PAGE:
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I just was looking at an exercise which asks the reader to show that for $F \subset L$, if $L = F(\theta)$ for some $\theta \in L$ then there exists only finitely many subfields $K$ of $L$ containing $F$. Can I just prove this by the following argument:

The tower extension theorem says $[L:F] = [L:K][K:F] $

This means: $[L:F] > [K:F] > 0$ , since $[L:K] = 1 \iff L = K$, which is clear when viewing the extensions as vector spaces.

Continuing to find distinct intermediate subfields $F \subset K' \subset K \subset L $, we see that the degree of the field extension decreases at each step and is bounded below by 0, so the process will eventually terminate.

So there can be at most $[L:K] - 1$ distinct intermediate subfields, which is finite.

Is this a valid argument or is there some subtlety I'm missing here.

Thank you in advance.

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    $\begingroup$ Not sure if I understood the question correctly. If you want to show that if $L/F$ is a finite field extension then the number of intermediate fields is finite then the claim is false. See this question: math.stackexchange.com/questions/2944053/… $\endgroup$
    – Mark
    May 25, 2019 at 15:49
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    $\begingroup$ When $K=\Bbb Q$ and $L=\Bbb Q(\sqrt3,\sqrt5,\sqrt7)$, $|L:K|=8$, but there are $14$ fields strictly between $K$ and $L$. $\endgroup$ May 25, 2019 at 15:52
  • $\begingroup$ @Mark I might have butchered the question, here it is verbatim: Let $F \subset L$ be a field extension with [L:F] = d < infinity. Show that if L = F(theta) for some theta in L then there exists only finitely many subfields K of L containing F $\endgroup$
    – Eugaurie
    May 25, 2019 at 16:15
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    $\begingroup$ @Rzmwood, Oh, now it is a very different question. If a finite extension $L/F$ is simple (i.e generated by one element) then it is true that there are only finitely many intermediate fields. Actually it is "if and only if"$. I will write an answer soon. $\endgroup$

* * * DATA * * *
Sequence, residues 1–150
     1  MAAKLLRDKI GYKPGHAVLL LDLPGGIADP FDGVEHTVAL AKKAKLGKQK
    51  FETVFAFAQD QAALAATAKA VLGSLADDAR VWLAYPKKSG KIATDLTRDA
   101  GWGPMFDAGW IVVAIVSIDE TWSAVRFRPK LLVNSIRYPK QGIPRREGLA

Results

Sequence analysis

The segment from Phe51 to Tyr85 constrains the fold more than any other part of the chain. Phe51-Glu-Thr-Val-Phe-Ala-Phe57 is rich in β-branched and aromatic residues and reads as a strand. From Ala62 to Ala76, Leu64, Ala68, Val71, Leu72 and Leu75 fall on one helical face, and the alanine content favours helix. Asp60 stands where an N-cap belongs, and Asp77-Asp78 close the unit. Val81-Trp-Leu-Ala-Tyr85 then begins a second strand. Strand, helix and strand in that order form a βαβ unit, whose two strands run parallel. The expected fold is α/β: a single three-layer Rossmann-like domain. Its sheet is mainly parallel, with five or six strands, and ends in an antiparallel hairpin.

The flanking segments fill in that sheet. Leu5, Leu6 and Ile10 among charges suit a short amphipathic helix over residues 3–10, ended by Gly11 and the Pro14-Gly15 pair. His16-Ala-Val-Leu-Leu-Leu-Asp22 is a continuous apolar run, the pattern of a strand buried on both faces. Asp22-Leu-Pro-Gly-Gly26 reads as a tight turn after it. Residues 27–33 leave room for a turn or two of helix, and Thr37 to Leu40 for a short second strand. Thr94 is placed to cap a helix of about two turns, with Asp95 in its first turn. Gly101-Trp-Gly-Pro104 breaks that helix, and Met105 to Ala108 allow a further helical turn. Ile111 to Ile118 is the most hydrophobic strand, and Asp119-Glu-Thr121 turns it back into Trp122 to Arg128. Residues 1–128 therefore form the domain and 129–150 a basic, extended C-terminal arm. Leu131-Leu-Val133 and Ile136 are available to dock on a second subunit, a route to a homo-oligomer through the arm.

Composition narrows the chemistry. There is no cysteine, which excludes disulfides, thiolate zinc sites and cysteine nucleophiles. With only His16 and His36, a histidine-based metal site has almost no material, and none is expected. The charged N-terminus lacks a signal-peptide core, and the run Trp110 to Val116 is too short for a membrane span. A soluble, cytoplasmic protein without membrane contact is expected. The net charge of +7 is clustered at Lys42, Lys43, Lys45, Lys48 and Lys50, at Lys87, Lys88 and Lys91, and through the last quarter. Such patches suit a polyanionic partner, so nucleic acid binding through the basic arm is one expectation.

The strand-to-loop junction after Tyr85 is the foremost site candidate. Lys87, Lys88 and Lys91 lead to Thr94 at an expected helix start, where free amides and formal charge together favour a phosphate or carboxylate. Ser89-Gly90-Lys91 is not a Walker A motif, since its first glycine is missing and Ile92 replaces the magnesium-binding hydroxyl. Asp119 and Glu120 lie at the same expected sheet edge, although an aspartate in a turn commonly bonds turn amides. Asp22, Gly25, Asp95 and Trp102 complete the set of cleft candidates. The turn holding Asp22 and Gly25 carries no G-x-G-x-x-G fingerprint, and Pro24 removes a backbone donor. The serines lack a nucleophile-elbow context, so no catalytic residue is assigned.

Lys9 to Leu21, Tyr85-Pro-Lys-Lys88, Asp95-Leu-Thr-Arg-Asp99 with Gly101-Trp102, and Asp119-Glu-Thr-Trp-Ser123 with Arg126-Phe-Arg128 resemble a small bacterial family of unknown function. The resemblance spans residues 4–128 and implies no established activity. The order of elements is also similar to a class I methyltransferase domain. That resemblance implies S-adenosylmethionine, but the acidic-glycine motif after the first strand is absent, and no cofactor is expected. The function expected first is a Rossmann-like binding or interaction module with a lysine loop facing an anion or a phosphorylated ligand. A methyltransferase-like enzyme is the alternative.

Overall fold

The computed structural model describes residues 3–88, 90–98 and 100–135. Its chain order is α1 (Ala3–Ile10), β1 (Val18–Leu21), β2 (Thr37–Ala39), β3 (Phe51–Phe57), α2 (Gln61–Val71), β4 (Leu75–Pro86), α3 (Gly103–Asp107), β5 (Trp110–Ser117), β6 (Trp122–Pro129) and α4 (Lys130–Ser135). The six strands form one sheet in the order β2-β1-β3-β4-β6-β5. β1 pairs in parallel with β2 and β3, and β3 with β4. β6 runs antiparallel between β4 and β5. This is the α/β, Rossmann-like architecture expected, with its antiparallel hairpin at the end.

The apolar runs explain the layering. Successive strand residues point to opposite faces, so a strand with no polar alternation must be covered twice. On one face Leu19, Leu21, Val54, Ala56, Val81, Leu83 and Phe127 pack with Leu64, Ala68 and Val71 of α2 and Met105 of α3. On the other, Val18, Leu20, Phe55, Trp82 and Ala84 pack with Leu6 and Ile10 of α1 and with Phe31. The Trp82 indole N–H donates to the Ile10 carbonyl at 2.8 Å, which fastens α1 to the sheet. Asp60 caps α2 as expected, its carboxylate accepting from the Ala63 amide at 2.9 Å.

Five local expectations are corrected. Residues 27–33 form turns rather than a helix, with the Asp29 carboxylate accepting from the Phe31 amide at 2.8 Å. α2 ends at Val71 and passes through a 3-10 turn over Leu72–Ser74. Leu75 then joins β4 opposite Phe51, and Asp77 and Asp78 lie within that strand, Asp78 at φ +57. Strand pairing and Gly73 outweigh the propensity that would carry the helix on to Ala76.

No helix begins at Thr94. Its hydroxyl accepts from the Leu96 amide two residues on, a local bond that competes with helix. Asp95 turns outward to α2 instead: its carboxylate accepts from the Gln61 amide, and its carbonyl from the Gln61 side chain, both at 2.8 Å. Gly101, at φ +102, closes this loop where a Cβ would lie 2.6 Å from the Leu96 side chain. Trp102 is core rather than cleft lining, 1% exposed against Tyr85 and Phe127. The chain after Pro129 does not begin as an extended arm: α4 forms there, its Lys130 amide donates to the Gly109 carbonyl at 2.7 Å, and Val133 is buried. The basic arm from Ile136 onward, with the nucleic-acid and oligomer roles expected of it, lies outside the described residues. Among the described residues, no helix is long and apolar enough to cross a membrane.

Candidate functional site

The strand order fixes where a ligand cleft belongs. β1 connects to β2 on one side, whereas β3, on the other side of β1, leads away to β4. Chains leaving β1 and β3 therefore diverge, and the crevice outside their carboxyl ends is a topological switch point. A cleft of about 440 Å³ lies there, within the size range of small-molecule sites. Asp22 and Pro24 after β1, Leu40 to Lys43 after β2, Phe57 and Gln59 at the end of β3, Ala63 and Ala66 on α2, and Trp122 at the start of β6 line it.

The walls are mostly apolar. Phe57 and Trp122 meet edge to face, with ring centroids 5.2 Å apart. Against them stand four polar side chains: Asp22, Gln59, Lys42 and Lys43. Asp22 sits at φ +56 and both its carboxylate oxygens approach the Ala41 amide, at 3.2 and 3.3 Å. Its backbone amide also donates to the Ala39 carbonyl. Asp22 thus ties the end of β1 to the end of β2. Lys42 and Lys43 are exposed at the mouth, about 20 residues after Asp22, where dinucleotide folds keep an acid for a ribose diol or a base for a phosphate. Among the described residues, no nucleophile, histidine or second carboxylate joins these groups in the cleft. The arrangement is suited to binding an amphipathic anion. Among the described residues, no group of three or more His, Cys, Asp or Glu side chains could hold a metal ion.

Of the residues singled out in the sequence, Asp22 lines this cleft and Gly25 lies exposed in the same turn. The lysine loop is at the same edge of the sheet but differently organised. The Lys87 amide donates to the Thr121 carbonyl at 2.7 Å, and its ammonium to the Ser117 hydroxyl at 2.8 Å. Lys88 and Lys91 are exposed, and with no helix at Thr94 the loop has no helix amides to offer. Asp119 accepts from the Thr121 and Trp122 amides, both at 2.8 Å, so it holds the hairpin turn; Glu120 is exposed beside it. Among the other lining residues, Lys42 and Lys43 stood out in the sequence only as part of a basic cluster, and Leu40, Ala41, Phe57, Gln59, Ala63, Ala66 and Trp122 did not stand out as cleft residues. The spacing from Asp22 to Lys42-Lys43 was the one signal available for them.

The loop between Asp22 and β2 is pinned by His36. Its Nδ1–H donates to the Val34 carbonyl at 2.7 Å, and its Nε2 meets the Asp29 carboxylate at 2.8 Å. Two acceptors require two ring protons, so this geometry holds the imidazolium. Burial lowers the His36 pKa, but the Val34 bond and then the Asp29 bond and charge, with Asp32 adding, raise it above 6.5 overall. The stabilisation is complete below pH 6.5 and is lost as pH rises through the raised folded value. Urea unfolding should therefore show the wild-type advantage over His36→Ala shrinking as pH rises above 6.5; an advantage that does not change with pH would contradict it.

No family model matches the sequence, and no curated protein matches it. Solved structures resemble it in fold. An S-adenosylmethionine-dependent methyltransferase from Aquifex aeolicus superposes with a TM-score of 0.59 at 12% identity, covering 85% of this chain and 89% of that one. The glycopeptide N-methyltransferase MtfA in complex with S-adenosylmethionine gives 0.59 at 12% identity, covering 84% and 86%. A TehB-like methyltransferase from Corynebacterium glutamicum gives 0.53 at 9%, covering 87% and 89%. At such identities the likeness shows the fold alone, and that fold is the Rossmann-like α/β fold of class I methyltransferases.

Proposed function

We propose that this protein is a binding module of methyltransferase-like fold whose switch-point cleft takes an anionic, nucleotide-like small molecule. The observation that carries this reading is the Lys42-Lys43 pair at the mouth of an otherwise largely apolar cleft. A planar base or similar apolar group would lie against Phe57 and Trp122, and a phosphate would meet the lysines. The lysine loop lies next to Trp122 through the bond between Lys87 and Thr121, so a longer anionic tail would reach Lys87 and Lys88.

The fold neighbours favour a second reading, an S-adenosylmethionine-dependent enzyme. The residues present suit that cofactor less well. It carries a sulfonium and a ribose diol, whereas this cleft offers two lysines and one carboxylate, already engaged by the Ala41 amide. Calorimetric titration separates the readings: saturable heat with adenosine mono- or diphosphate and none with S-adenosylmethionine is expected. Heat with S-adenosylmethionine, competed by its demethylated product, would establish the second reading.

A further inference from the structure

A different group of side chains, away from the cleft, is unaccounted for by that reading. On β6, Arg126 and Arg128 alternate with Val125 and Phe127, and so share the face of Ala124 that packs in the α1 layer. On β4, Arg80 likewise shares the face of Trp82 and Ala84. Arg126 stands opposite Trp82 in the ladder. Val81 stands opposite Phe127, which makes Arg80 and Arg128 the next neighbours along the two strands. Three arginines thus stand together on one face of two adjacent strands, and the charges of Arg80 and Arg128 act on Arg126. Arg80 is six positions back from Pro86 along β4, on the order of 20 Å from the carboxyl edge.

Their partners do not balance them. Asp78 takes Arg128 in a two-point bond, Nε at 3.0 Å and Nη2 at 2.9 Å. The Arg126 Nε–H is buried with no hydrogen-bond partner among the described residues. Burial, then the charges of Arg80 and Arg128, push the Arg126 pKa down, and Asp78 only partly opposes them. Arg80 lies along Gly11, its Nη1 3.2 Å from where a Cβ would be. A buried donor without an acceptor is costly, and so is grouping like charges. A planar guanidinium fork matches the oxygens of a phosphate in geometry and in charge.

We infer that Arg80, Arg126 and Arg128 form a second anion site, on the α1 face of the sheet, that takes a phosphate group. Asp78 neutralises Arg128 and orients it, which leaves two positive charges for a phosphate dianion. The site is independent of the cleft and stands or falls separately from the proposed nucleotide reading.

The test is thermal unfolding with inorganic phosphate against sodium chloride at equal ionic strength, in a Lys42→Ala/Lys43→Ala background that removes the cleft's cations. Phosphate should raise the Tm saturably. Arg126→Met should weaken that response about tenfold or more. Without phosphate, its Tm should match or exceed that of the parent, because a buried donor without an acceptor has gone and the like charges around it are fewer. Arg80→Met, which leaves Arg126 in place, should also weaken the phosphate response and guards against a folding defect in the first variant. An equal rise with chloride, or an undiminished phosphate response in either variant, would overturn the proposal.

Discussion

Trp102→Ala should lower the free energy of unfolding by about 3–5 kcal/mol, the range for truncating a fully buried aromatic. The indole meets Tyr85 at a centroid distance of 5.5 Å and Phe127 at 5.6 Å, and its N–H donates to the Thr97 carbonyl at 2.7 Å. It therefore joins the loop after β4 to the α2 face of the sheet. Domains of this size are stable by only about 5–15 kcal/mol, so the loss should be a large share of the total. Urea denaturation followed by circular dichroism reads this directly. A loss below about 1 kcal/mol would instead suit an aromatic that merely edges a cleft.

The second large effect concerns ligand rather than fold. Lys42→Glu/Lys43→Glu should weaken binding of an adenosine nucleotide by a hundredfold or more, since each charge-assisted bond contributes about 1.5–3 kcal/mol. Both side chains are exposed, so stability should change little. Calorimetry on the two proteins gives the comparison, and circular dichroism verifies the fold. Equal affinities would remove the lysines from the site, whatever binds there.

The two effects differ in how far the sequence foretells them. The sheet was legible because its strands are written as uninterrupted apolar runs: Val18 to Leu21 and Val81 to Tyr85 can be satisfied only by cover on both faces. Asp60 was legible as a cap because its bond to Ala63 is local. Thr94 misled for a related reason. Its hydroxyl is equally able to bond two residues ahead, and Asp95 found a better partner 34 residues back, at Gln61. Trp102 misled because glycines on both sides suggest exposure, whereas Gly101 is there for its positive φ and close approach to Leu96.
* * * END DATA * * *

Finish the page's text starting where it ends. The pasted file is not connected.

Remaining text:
– Mark
    May 25, 2019 at 16:34

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Your solution is wrong because $K,K'$ being two intermediate fields does not imply that one of them is contained in the other.

Here is a possible solution. Let $K$ be an intermediate field. Then $L/K$ is a finite extension, hence algebraic. Let $g=\sum_{i=0}^n b_ix^i\in K[x]$ be the minimal polynomial of $\theta$ over $K$. Then $[L:K]=n$. Now let's write $K'=F(b_0,b_1,...,b_n)$. Then $K'\subseteq K$, and hence $K'(\theta)\subseteq K(\theta)=L$. On the other hand $L=F(\theta)\subseteq K'(\theta)$ and combining these results we conclude that $L=K'(\theta)$. Also note that $g\in K'[x]$ and is irreducible over $K'$. (because if it was reducible then it would be reducible over $K$ as well). Hence $g$ is also the minimal polynomial of $\theta$ over $K'$, so $[L:K']=n$ as well. This of course tells us that $K=K'$. And the last thing we should take in note is that if $m$ is the minimal polynomial of $\theta$ over $F$ then obviously $m\in K[x]$ and hence $g|m$.

Alright, so what did we prove? We showed that any intermediate field between $F$ and $L$ is generated by the coefficients of a fixed polynomial in $L[x]$ which divides $m$. There are only finitely many such polynomials (to see this write $m$ in the form $(x-\alpha_1)(x-\alpha_2)...(x-\alpha_k)$ and see which fixed polynomials might divide it) and hence there are finitely many intermediate fields.

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